3. Write an email, but don’t send it. I was once offered a job when I was first on the academic job market which I turned down – albeit with some remorse. And I felt so badly about turning it down that I composed this incredibly long, heartfelt explanation to the Department Chair. And then I threw it away. Because when I woke up the next morning, I realized that the letter was really written for me, rather than for him. In a similar vein, I’ve taken lately to writing out long emails to people I’m angry with and then not publishing them. As a writer, putting my thoughts down on the page helps me to express and even clarify my feelings, but without experiencing any of the blowback discussed in point #2.

4. Try to see it through their eyes. I got an email the other day that really irritated me. It was condescending. It was territorial. And it was bitchy. Or at least so I thought the first time I read it through. And I spent a good deal of the night composing a response (in my head) that I seriously debated sending to this person, despite my advice in #3. But when I came downstairs the next morning, I re-read the email and decided that – even though I was pretty sure that my initial reaction was justified – there was conceivably another way to read said email that put it in a more favorable light. And so – taking Gretchen Rubin’s maxim – “act the way we want to feel”  – to heart, I willed myself to reinterpret the original email as more benign so that I, too, could feel more positively towards this person. And then I just ignored it.

5. Write a letter. This may sound like it contradicts point #1 – and I certainly wouldn’t recommend it in a professional setting. But sometimes I think that writing a good, old-fashioned letter can go a long way towards smoothing over differences between friends and family. For starters, in an internet age, everyone appreciates that letter-writing has gone the way of the horse and buggy. So when people take the time to actually write down their thoughts – with a pen! – it shows how much they matter to you. Second, while most people like their emails short and digestible, it’s O.K. to write a long letter and to really elaborate on what you’re feeling. I once did this with a friend and it really saved our friendship.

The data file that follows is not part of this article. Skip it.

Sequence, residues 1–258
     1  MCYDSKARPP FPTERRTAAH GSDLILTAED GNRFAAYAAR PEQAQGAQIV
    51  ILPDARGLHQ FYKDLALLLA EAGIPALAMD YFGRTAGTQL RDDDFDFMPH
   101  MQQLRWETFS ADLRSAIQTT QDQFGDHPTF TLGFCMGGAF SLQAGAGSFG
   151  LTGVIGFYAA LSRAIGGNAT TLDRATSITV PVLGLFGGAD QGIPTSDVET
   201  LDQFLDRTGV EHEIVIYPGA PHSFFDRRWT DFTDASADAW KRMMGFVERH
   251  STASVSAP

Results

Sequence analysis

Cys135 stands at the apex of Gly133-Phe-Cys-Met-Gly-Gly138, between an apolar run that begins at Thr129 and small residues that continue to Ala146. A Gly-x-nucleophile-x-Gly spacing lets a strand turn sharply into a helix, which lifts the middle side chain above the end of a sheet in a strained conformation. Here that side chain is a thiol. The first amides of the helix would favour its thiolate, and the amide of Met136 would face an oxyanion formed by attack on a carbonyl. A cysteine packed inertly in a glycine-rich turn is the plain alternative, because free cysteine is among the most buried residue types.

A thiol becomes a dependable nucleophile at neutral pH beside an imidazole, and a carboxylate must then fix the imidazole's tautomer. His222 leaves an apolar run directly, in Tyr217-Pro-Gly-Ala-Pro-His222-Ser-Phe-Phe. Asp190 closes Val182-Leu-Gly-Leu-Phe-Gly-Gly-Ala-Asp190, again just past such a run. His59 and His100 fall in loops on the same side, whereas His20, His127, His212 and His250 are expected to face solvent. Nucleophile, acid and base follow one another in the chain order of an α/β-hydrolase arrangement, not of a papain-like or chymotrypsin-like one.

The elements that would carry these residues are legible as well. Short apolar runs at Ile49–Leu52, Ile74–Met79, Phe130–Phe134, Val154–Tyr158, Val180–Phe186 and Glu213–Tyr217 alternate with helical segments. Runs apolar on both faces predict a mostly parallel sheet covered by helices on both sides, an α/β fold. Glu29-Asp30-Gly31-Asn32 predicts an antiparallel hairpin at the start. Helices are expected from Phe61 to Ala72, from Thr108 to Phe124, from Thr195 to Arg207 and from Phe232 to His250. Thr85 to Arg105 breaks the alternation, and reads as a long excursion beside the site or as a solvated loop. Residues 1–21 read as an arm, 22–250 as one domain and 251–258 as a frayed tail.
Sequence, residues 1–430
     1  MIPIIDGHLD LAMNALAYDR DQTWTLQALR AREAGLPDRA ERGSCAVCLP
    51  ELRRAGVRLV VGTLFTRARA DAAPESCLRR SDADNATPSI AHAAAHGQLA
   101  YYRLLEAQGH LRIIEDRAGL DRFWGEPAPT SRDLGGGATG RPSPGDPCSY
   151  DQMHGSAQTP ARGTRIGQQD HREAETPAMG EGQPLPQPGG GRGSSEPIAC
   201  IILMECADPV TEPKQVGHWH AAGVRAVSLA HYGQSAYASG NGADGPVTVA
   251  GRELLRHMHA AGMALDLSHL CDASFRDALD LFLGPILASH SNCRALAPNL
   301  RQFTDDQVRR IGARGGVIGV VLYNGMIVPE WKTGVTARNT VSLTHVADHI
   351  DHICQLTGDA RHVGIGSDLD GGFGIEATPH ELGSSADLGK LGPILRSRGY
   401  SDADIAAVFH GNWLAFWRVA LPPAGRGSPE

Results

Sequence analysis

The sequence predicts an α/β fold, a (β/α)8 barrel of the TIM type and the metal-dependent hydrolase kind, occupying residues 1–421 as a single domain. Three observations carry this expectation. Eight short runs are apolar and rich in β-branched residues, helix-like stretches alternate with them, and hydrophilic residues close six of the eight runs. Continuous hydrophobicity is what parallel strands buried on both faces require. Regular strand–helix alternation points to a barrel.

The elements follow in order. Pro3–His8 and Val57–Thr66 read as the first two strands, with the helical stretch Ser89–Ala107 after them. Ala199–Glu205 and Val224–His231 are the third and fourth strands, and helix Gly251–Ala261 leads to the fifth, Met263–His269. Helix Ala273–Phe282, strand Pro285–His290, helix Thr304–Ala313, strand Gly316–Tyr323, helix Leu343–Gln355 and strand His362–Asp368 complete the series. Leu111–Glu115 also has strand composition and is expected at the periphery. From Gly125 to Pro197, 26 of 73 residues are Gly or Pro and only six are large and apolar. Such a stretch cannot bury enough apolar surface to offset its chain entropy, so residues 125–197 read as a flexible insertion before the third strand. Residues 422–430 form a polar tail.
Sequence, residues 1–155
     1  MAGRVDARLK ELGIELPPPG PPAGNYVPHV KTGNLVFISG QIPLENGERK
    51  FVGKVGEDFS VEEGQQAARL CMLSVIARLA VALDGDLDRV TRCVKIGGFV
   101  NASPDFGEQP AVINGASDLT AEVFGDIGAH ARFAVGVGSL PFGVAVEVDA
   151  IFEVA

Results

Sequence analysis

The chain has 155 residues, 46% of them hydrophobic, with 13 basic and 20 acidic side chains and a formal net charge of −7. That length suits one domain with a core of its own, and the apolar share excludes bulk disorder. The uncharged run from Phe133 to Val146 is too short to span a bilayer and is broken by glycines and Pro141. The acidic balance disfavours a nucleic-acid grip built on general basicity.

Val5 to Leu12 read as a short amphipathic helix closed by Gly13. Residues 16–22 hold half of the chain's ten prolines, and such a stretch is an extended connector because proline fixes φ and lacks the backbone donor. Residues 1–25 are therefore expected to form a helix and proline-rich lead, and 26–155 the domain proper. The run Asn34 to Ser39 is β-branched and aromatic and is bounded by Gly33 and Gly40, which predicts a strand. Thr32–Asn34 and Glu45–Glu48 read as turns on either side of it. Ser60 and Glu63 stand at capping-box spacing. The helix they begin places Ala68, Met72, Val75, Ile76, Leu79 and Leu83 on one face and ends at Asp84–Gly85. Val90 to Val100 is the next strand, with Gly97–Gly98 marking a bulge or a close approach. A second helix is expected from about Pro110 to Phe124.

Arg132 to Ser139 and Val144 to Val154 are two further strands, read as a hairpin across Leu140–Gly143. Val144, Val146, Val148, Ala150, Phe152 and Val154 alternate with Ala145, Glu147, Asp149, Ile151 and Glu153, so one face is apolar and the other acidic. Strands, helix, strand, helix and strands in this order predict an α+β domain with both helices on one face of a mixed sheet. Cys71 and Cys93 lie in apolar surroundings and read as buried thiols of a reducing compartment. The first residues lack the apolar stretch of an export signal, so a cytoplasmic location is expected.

How about you? What strategies do you employ to manage conflict?

Image: Writing Samples: Parker 75 by churl via Flickr under a Creative Commons license.

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PTA Burnout: Is Parent Volunteering A Waste Of Time?

December 7, 2010

I was walking down the street the other day when I saw an attractive-looking poster advertising a Christmas fair. As I stopped to read the fine print, I did a double take. The fair was the one held annually at my daughter’s school. And for the first time in four years, I realized that I had no earthly idea how many raffle tickets we’d sold. Nor had I been the one to obtain the local business sponsor for the fair.

And then I remembered: Oh, yeah, right. I’m not on the PTA anymore.

As I wrote about several months ago on this blog, there’s a natural life cycle to being a member of the PTA. You come in — usually when your kids are new to the school. You do your thing — raise some money, run some bake sales, or in my case, achieve an alter-ego, rock star-like status in your community as “Raffle Lady,” which you’ll never quite manage to shake.

And then some combination of increased work demands, changing family priorities and one too many times jamming the PTA laminator sets in. And you hand off to the next gang, who come to that very first organizational meeting in September brimming with exactly the same irrepressible enthusiasm you once evinced, but now can barely manage to fake.

Read the rest of this post at http://www.PoliticsDaily.com…

*****

I’ve been on the Julian Assange beat this week. Here’s a longer post previewing his arrest at Politics Daily, and here’s a short update now that he’s been arrested. Stay tuned, folks!

Image: Fondant Roses and Colorflow Butterflies by angegreen via Flickr under a Creative Commons license.